WASHINGTON — The much-heralded U.S. “pivot to the Pacific” doesn’t mean a big influx of troops or ships in the Western Pacific, the Navy’s top officer said Tuesday.
The Navy already has a strong presence around a region pinpointed as crucial in a sweeping defense strategy released last week by the Pentagon, with 50 ships underway there on any given day, said Adm. Jonathan Greenert, chief of naval operations.
The strategy, designed to lay down a framework for defense spending reductions of nearly $500 billion in the next decade, essentially leaves things as they are in terms of force presence, Greenert said at an event sponsored by the Center for a New American Security, a Washington think tank.
Defense Department officials have steadfastly refused to explain specific effects of the strategy document — in terms of troop levels or otherwise — saying it would be clear when the DOD budget is submitted to Congress next month. But with Greenert and other officials fanning out to discuss parts of the strategy in public, some aspects are becoming clearer.
“It’s not a big naval buildup in the Far East,” he said. “We’re there, we have been there, we will be there.”
A key priority in the region is to ensure freedom of navigation in international waters — a principle an increasingly assertive China has at times seemed ready to challenge. The country has been growing in both economic might and military strength, and “under certain circumstances that capability could limit access in the region,” Greenert said.
Rather than flooding the area with U.S. ships, the strategy calls for stepped-up strategic alliances in the region both with “high-end” long-term partners like Japan and South Korea, as well as with countries such as Indonesia, with which the U.S. has been exploring greater cooperation, Greenert said.
“Our allies and our partners will cooperate, and we’ve agreed we will invest to maintain freedom of navigation and access in those international waters,” he said. “We will promote a standards- and rules-based international order.”
The Navy also will seek a closer relationship with the Chinese military, Greenert said, to help persuade China to follow international norms and lower the likelihood of conflict.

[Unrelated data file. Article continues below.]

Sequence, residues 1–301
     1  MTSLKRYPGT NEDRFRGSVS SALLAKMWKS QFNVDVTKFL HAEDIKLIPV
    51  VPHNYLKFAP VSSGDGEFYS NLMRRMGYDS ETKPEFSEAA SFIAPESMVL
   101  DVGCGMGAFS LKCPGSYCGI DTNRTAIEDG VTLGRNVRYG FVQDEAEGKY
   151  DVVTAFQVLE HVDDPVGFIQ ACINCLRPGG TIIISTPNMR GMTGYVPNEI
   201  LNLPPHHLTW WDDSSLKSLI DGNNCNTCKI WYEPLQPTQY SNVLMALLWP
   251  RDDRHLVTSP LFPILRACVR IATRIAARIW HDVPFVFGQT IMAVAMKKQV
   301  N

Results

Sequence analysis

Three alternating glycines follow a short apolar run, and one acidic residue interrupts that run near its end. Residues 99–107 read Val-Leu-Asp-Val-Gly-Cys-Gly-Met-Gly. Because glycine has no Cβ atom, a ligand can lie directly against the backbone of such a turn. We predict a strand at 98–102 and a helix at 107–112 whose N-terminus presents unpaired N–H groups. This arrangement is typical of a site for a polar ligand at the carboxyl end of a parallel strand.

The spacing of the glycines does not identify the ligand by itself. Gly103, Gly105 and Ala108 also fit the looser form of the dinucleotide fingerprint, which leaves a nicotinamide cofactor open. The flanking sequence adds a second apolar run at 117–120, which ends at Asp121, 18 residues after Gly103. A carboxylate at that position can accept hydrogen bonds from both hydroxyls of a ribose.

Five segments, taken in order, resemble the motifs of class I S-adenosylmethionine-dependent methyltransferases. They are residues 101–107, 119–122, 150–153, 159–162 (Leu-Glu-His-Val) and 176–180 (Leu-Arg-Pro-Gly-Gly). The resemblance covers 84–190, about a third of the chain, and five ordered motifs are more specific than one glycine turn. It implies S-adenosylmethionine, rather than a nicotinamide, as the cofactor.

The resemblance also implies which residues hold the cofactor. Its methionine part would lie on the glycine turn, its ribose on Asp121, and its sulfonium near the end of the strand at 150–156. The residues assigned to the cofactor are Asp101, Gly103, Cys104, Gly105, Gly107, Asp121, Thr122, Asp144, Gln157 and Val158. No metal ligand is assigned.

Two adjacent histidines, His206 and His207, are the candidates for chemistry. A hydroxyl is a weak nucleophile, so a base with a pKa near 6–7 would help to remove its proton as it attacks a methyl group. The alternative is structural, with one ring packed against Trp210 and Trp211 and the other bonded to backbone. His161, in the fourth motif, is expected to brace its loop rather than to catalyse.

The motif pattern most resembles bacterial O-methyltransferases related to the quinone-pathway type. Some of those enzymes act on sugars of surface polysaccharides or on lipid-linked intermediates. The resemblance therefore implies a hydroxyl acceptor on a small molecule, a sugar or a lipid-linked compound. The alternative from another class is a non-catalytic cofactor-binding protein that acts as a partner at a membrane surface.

Indeed, expect naval operations to more or less hew to the status quo worldwide, Greenert said. Particularly in the Middle East, where the Strait of Hormuz and the potential for confrontation with Iran keep him up nights, he said, there will be no reductions.
“I see the same proportion in the Mideast,” he said. “I don’t see a naval movement from the Mideast.”
Europe troop levels
Along with an expectation of buildup in the Pacific, the defense strategy also seemed to encourage expectations of a ground troop drawdown in Europe. With DOD officials saying ground troop levels would fall but not saying where, the document itself declared that “most European countries are now producers of security rather than consumers of it,” and that “our posture in Europe must also evolve.”
A defense official speaking Monday hinted that a drawdown in Europe may be less dramatic, in terms of numbers of troops present on the continent, than some expect.
Julianne Smith, deputy assistant defense secretary for Europe and NATO policy said that of four brigade combat teams stationed in Europe, two have been deployed most of the time, and might not be back permanently.
“More or less for the last 10 years, we’ve had two of the brigade combat teams in Afghanistan,” she said. “So again, the question is: Where do they return to?”
British Defense Secretary Philip Hammond offered a similar assessment last week in an interview with Bloomberg, citing a conversation with his U.S. counterpart, Leon Panetta.
“My understanding is that there will remain two brigades [in Europe],” Hammond said Thursday.
Stars and Stripes reporter John Vandiver contributed to this report.